UAW reaches deal with GM, ending auto strike with big win for workers

The last domino has fallen, with UAW and GM reaching a deal to end the auto industry strike. Now, tentative deals have been met with all three auto companies, which means the strike is over.

The deal has not yet been confirmed by either GM or UAW, but it was first reported by Bloomberg and has been widely reported since. It comes just two days after GM workers walked out of the Cadillac Lyriq plant at Spring Hill Assembly in Tennessee.

As a result, we have even fewer details than with the last deals with Ford and Stellantis. In both of those cases, UAW posted a video going over some details of the deal, but in this case, they have not yet posted a similar video.

Bloomberg reports that the deal is “broadly similar” to the first two deals. GM has the most unionized workers of the Big Three, and retirement benefits were particularly in focus, so we’ll have to see what other specifics come out of that deal when it’s revealed.

But the basic details likely include a 25% increase in pay for all workers – which is a larger raise than all combined wage raises between 2001-2022 – plus cost-of-living adjustments. These cost-of-living adjustments used to be part of union contracts but were given up during the economic downturn, which started in 2008 and took until now for the workers to get back.

One unique part of the GM deal that we already know about is that GM has agreed to bring all US GM joint-venture battery plants under the union master agreement. This represented a “leapfrog” in negotiations from GM, putting the company in front of others in terms of their offer to UAW, but then GM ended up being the last to come to a final agreement.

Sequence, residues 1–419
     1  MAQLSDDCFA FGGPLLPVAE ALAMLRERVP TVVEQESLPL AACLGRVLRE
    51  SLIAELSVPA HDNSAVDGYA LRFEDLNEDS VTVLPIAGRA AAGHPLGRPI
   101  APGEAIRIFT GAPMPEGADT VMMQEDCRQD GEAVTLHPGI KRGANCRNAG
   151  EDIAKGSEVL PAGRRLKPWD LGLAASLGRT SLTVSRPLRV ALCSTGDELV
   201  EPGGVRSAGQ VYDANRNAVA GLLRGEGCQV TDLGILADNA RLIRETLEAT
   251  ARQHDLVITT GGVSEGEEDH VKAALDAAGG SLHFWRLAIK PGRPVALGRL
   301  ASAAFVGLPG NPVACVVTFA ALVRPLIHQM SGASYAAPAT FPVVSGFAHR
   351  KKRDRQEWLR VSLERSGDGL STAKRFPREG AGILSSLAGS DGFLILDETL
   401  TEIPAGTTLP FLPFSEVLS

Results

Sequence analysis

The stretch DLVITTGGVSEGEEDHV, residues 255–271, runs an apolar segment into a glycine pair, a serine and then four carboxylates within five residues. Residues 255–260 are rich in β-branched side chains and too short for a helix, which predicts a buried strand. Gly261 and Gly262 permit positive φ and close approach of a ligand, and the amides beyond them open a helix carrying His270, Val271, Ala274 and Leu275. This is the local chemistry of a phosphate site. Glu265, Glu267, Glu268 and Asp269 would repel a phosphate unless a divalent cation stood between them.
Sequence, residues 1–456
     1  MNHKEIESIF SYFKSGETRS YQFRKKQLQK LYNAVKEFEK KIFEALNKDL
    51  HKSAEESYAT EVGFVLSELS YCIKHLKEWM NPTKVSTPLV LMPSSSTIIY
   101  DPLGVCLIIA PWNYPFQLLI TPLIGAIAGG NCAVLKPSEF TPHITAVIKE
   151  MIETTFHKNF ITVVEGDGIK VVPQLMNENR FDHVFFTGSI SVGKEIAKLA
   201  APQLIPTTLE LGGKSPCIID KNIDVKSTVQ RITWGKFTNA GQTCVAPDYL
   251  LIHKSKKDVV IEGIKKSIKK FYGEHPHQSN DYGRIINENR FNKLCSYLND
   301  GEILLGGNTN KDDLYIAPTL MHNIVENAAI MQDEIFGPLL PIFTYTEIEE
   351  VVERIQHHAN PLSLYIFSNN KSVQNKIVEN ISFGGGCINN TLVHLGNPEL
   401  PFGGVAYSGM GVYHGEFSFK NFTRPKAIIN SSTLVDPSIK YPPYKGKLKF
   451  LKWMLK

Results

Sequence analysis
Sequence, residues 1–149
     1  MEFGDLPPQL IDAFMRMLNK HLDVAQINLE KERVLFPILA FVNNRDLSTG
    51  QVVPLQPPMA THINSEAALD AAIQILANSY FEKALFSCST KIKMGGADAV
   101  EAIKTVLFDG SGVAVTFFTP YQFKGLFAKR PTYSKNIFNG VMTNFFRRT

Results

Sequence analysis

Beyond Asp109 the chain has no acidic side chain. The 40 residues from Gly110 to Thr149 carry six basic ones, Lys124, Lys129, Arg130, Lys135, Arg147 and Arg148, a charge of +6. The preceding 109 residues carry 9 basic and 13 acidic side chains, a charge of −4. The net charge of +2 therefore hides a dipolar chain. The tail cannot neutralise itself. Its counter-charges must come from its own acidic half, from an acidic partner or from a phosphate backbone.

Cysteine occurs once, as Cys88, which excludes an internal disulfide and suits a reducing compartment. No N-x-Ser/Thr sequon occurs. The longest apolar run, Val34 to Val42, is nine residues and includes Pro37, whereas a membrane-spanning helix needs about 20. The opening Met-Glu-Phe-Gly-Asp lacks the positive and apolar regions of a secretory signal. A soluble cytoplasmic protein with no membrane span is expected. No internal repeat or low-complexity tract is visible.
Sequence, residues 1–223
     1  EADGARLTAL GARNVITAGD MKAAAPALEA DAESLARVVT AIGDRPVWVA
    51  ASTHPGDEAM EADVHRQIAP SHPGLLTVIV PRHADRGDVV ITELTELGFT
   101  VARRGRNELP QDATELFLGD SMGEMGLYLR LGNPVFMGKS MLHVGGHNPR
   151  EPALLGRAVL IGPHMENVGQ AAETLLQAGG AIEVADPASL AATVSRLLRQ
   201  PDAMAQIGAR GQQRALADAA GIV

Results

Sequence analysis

And batteries were an important win for UAW because in discussions over this strike, interviewers have repeatedly tried to get UAW President Shawn Fain to badmouth electric vehicles and blame them for wage or job problems, but Fain has never taken the bait. Instead, he has always insisted that the UAW is looking for a “just transition” to electric vehicles that ensures workers still get treated fairly as the industry is upended.

Previously, battery workers had been paid significantly less than other manufacturing workers, though UAW had made progress on that front even before the strike began.

The deal with Stellantis also included a boost to electric vehicles. UAW got Stellantis to promise to reopen a shuttered plant in Belvidere, Illinois, and further to commit to building a new battery factory at the same site, which should add approximately 1,000 battery jobs that previously had not been planned.

While we don’t know the details of this deal yet, the process to approve it is likely to be the same. The deal needs to be finalized by union leadership, who will then present it to all union members by publishing it online and via Facebook livestream. Then meetings will be held, and the deal will be voted on by each local chapter.

But, in previous deals, UAW has directed workers to go back to work right away once the tentative agreement has been reached in a show of good faith that everyone wants to end this strike quickly. Leadership is confident that these deals are good enough that they will be ratified by members when the time comes and that everyone is eager to get back to work.

Unions have been having a bit of a moment in the US in the last couple of years as frustrated workers have started demanding more. The US has seen upticks in union membership, strike activity, and union popularity, with unions reaching their highest approval rating since polls began in 1965.

Several successful strikes have happened across the US economy, and UAW seems to want to bring this momentum forward into the future. To this end, UAW has invited other unions in America to align contract expirations around the same time frame, so as to inspire broader labor action.

The contracts UAW negotiated are expected to last 4.5 years until April 30, 2028. This is the day before May Day, also known as International Workers’ Day, a day that commemorates the early labor movement in the US, but is more celebrated overseas than it is here. It seems clear that UAW is targeting much bigger labor action across the economy in the future.

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